“It’s really not a toxic gas, per se, but is poisonous if you are exposed to too much of it. There is natural leakage from the Earth, from volcanoes and also from under the sea, for example. The Aegean Sea naturally contains more CO2 than other areas, so the marine life there is unique compared to other places,” says Berger.
But even if reservoir rocks stay intact, and scientists monitor the liquid CO2, Statoil has still found it necessary to spend NOK 5 million to finance the pressure tank, because there remain unanswered questions. For example, what happens if the liquid CO2 escapes through small holes in the seabed? That might be something that would not appear on any seismic scan, but that would just seep out with a constant little hissing sound.
A signature on the ocean floor
One of the many researchers working on this issue is a marine chemist at NTNU named Murat Van Ardelan. He believes that it is far more difficult to detect small leaks than large ones.
“With small leaks, the fluid will first dissolve in the water. With large leaks, the liquid can rise up to the seabed and bubble – like bubbles in a bottle of mineral water. To detect small leaks, we have to look for how CO2 changes marine chemistry and the creatures living at the bottom of the sea. Maybe CO2 has a special signature when it escapes to the ocean floor? Perhaps some bacteria will bloom with an increase in CO2, while others die?” says Van Ardelan.
Together with three master’s students from NTNU, he has conducted two tests in the tank to facilitate the search for changes.
“Undersea storage is the most realistic solution we have right now to reduce the amount of CO2 in the atmosphere. Critics say that even if undersea storage does reduce the problem in the atmosphere, there is a risk that part of the problem will just be shifted to local zones where marine animals, plankton and fish are living. I do not think it will, but we are now studying the worst possible scenario in the tank,” says Ardelan.
At last, the flounder
The planned sequence of studies in the tank is to start with chemical processes, then bacteria, then single-celled organisms, mussels and finally cold-water corals. But the last creature that will be subjected to testing in the tank is a flounder from which blood samples will be taken while it is inside the tank.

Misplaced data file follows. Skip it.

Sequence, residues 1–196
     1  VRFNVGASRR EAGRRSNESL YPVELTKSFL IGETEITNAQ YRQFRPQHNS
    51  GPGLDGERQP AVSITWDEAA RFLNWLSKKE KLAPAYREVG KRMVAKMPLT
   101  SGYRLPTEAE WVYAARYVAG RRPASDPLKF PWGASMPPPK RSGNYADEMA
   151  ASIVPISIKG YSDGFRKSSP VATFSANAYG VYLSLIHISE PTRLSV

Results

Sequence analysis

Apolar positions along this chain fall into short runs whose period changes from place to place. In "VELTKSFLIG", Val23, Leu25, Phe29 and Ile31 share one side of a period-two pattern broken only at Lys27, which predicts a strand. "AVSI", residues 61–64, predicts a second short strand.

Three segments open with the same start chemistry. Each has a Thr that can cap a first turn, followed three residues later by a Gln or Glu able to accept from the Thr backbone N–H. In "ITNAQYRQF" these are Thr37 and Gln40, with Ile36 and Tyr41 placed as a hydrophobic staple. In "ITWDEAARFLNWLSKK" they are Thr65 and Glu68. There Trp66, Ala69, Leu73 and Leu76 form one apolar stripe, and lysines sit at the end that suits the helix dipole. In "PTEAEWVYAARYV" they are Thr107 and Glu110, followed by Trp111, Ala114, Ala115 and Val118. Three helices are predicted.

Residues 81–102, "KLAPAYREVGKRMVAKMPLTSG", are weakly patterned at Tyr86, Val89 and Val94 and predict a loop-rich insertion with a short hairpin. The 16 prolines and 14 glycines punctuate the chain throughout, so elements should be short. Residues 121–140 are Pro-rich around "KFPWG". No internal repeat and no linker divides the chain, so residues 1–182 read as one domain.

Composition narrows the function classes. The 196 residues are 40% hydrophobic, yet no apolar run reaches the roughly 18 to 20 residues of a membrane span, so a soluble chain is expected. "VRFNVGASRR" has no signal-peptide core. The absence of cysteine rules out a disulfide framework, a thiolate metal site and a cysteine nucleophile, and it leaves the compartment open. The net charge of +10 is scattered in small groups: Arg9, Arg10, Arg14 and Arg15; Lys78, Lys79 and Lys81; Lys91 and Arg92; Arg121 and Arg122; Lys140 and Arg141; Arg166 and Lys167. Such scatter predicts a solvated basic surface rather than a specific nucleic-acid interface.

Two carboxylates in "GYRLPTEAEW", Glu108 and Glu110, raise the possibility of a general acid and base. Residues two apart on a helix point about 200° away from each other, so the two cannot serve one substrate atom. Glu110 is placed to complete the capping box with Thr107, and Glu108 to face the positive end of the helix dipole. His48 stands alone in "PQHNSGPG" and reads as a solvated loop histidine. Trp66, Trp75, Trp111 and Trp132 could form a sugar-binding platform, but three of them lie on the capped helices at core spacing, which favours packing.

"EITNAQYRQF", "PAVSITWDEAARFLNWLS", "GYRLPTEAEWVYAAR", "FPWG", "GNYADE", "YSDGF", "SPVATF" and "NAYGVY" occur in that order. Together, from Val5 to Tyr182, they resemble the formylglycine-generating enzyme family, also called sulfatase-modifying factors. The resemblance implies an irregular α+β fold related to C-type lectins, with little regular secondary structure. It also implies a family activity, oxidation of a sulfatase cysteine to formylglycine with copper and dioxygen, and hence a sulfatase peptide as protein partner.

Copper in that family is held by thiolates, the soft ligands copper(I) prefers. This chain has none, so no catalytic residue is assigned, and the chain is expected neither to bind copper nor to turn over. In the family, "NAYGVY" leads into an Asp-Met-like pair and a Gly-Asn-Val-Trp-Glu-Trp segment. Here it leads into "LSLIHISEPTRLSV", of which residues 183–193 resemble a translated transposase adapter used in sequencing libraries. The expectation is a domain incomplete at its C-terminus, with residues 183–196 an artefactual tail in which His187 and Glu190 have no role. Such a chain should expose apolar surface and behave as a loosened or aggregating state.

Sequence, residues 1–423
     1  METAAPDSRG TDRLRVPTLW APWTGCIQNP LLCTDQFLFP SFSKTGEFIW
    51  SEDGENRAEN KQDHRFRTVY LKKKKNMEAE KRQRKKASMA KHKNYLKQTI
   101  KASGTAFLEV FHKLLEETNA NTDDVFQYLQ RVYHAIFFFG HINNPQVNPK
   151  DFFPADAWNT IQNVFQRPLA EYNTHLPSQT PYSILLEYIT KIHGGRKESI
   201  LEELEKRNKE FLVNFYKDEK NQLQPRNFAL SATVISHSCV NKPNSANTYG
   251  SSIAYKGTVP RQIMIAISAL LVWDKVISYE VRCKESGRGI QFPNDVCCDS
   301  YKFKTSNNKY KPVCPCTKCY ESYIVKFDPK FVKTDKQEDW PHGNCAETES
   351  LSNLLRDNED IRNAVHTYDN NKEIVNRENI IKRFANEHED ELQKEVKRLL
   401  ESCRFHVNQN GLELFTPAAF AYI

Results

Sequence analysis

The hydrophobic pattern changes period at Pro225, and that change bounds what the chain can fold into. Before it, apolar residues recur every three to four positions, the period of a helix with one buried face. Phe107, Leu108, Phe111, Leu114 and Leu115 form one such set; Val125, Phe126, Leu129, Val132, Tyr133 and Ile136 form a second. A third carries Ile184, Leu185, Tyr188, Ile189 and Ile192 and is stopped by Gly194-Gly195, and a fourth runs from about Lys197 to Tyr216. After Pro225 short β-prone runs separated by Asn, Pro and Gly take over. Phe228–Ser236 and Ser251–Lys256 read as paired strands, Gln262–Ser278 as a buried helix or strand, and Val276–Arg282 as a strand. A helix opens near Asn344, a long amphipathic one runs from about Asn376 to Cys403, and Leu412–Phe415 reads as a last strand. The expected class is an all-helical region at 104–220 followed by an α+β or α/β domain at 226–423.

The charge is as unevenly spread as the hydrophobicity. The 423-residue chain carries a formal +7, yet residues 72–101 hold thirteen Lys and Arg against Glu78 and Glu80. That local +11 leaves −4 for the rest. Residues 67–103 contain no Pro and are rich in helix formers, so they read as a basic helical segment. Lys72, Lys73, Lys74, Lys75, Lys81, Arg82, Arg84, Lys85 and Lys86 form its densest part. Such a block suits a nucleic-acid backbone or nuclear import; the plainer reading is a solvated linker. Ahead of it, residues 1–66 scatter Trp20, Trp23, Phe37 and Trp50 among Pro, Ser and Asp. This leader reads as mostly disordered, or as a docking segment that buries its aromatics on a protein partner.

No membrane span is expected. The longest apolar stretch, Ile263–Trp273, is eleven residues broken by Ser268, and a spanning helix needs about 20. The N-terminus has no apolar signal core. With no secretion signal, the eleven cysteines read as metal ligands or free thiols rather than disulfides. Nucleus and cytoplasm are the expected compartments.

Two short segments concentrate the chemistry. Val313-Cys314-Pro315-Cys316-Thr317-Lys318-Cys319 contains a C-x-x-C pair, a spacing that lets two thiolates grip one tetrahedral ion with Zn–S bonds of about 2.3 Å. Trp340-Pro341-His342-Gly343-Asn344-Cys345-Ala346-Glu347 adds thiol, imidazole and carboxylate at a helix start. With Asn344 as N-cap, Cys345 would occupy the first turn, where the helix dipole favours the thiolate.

But because the pressure in the tank simulates life at 300 metres beneath the sea, the fish will explode if it is removed directly from the tank. Because of this problem, the tank was built with kind of pressure lock where researchers using a robot arm can pick up the fish inside the tank, put it into the lock, gradually lower the pressure, and then test the fish.
“This has only been attempted in an open glass tank to date. This is the first time this research has been conducted under pressure, and over a longer period,” Torp says.
The only thing we know for certain
Tick. Tick. Psss. Tick. Tick. Psss. It is time to stop the ticking of the tank.
Kathrine Sundeng, Nina Gjøsund and Gøril Aasen Slindre have all written their master’s theses about work with the tank, and are in the first graduating class from NTNU’s “Environmental Toxicology and Chemistry” programme. It is they who have conducted most of the experiments.
The three students begin to empty the tank of water, and then will remove the box containing the sediment. Murat Van Ardelan rattles off a lot of unintelligible names of what all the bacteria are called, and what function they serve. Small bacteria can change the basic features of the ecosystem, he says.
“Although geophysicists say that the caprock can’t be cracked, we do not know that for certain. There could be leaks from old oil drilling holes or existing cracks. What will happens to seawater chemistry and marine life if there is a leak? The only thing we know for certain is that CO2 will acidify the ocean,” says Ardelan.
Anne Sliper Midling